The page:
Saving For Your Child’s Higher Education

Tuesday, 11.09.2018

Our natural, nurturing instinct as parents is to provide the best for our children – and education isn’t an exception to that! However, this is Singapore, and education has such a great emphasis placed on it that its costs are always on a rising trend. 

Our focus points for our child’s education are: 1) to get into a good university, 2) studying a reputable course that they’re interested in, as that will (hopefully) 3) secure them a good enough future. And we’re definitely alright with shelling out the money that’ll pave the way to a good education.

The thing is, university fees in Singapore are a cool five-figure sum annually, which could be offset by taking out a CPF tuition loan – but only for local unis! For our kids who’re studying in a private uni, we’ll be bearing the full brunt of the course fees, upfront. 

(Credit: The Straits Times) University fees in Singapore are a cool five-figure sum annually, which could be offset by taking out a CPF tuition loan – but only for local unis!

Scholarships and bank loans are some other available options; though scholarships (both private and government) are only given out to a select few, and bank loans are akin to our children entering the workforce with a heavy load of debt on their back. 

Another option is for them to seek employment with a company that’s known to provide employment bonds – the company will pay for your child’s further education, but they’ll have to stay on for a certain number of years with the company (it’s 4 to 12 years on average). Breaking the bond will usually result in heavy monetary penalties for your child.

So how can we make sure we’ve saved enough for our child’s university education? 


You’ll see this suggestion plastered on pretty much every article with a similar topic to this. It really can’t be stressed enough. You might be wondering why you need to even think about something that’ll happen in 10 to 20 years from now, but let me ask you this: do you remember how much cheaper it was 20 years ago to study in a university? 

MoneySmart has a very useful guide that compares the university fees for local and private unis over here:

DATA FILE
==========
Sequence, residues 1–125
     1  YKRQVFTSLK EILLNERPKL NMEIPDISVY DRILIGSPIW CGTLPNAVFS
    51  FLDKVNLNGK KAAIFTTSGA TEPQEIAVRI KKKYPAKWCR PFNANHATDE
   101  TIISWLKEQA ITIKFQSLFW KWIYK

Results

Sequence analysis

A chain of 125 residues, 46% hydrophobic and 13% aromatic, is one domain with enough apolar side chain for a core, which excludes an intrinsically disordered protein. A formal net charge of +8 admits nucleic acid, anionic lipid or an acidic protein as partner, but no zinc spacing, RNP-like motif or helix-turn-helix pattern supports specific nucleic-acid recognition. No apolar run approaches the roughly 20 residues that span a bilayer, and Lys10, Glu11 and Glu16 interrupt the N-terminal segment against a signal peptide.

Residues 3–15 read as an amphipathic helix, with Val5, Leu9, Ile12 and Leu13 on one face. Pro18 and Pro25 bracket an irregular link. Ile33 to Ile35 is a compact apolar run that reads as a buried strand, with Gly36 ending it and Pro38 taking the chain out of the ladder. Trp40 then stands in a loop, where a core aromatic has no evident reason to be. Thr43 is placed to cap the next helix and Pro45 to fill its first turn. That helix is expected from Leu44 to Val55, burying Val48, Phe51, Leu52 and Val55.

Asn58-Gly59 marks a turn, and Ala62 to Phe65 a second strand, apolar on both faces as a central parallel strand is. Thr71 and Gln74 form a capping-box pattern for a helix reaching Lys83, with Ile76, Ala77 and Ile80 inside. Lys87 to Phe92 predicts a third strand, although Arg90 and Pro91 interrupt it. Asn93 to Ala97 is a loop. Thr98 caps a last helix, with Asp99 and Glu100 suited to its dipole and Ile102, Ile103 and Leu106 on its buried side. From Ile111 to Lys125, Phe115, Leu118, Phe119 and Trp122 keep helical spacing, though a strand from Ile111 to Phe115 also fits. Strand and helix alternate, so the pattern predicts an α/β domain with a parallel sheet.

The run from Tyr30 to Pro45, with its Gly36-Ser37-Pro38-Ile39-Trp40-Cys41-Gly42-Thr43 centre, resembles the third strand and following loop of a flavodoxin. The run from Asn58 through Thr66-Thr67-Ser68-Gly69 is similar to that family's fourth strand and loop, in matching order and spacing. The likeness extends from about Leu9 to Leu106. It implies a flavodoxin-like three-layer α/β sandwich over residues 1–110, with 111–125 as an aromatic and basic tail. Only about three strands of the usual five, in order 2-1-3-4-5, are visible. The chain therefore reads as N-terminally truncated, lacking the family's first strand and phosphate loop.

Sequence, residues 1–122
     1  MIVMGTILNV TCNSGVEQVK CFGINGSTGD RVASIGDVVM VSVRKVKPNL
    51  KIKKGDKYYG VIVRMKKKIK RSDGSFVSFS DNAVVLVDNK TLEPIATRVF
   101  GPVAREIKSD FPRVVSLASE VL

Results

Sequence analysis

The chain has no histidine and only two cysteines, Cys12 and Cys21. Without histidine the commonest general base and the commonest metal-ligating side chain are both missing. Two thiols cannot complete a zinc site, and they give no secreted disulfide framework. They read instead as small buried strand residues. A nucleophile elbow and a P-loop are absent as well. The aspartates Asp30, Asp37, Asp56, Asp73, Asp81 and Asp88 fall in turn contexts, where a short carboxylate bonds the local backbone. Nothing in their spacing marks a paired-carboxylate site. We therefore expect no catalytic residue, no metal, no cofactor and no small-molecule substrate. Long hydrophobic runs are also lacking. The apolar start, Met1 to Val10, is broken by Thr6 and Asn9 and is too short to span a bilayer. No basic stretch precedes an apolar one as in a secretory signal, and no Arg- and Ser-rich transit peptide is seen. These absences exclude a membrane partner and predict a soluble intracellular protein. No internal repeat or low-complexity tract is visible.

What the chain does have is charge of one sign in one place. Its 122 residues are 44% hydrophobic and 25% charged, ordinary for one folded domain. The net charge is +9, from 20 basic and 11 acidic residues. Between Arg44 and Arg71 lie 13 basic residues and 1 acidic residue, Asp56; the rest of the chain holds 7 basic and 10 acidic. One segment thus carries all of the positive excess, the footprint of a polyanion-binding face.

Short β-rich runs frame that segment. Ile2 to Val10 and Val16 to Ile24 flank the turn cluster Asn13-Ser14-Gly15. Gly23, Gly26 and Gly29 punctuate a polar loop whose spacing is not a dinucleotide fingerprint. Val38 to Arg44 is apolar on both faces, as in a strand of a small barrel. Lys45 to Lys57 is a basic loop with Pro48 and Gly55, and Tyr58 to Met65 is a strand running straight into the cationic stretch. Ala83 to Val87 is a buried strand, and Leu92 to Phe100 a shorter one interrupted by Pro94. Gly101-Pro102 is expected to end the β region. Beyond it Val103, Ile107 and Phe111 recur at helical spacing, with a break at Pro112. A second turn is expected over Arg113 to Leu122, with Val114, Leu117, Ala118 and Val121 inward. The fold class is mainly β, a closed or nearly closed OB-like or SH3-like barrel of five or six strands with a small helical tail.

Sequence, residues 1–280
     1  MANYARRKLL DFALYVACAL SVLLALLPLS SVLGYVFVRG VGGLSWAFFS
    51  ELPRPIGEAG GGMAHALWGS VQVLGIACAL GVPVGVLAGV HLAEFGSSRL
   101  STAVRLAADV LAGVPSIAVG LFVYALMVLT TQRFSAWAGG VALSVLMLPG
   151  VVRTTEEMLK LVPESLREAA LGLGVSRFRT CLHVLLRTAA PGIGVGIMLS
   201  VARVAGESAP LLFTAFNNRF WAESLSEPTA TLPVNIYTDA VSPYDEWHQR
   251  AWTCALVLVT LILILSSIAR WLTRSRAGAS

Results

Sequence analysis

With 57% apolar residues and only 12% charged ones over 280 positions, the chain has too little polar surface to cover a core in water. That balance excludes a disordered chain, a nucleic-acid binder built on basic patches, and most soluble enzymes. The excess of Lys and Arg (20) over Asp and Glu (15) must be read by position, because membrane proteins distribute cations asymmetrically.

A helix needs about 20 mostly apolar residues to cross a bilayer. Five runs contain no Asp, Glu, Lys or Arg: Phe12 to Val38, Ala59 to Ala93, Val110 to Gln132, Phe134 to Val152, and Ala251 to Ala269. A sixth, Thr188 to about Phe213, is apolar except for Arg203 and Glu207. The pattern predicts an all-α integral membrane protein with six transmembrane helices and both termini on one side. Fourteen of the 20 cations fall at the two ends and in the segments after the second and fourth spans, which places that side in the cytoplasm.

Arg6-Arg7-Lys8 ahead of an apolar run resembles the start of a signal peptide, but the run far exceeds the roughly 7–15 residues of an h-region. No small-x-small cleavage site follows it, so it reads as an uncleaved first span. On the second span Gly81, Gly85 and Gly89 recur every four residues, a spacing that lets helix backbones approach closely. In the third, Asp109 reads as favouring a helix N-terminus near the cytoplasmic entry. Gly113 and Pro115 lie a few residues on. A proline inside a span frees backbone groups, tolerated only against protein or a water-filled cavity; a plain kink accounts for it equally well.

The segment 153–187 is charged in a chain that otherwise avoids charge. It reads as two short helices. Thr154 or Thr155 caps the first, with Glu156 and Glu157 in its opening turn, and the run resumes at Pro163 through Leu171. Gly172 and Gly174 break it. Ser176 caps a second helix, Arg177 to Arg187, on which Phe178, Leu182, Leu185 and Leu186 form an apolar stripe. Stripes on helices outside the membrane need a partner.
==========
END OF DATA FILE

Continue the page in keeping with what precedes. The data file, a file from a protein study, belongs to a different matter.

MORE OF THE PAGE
After you’re done planning (talk to a financial advisor or wealth planning manager if you need to), work the figure into your budget. Saving or investing over a long period of time is so much less stressful than the alternative – scrambling about trying to scrounge up that spare $30,000 lying around.

You might have to make some sacrifices in the short term, but your future self will be thanking you for making those sacrifices. The sooner you start planning and saving, the more breathing room you’ll have when (no if’s) you need to make adjustments to your child’s university fund.

Take stock of your current funds, and the projected value of them

As part of planning, you’ll need to check how much money you currently have in the bank, savings policies, life insurance policies, and other investments. Then estimate their value when your child turns 18 or 21. 

Estimation of the projected value is easier said than done, as you’ll need to do some research on the trends of inflation, and speak with your insurers about all your policies current guaranteed projected value – monitoring and assumptions have to be made on a regular basis in order to keep up to date with the value of your investment portfolio.

Investing funds usually results in better long-term returns

If you haven’t done so already, instead of putting all your money in a savings account, consider investing a portion of your savings in areas that have a higher return of investment (ROI) than the interest rates in banks. 

However, don’t put ALL your savings into investments – it’s a recipe for disaster if an emergency crops up and you’ll need cash immediately on hand.

What you want to do is to maximise what your money can do for you, up until your child is ready for university. Consider moderate-risk investment options (preference shares, mutual funds, funds, etc.) but ALWAYS do proper research on any investment option that you’re looking at.

I’ll repeat it again – ALWAYS do research, and make sure you fully understand what you’re buying and investing in; never invest in something you don’t fully understand. If an investment option sounds much too complicated, you shouldn’t invest in it.

Pay off your debts BEFORE investing

Credit card debts or high interest loans should be settled before you invest your money. There’s almost no way that returns on your investments will outstrip the interest rates on your debt (credit card interest is around 20-26%, and if you’ve got a medium-risk investment that provides the same amount of returns, do let us know!); not only that, the money that you invest will usually be locked in for a period of time, which means you’re down by that amount of cash for the foreseeable future.


Friendly Financial Advice
If you need help with financial planning, consider speaking with a specialist from JLOrganisation. Drop a text or call to 9689 2044 to make an appointment with their friendly and knowledgeable specialist today.




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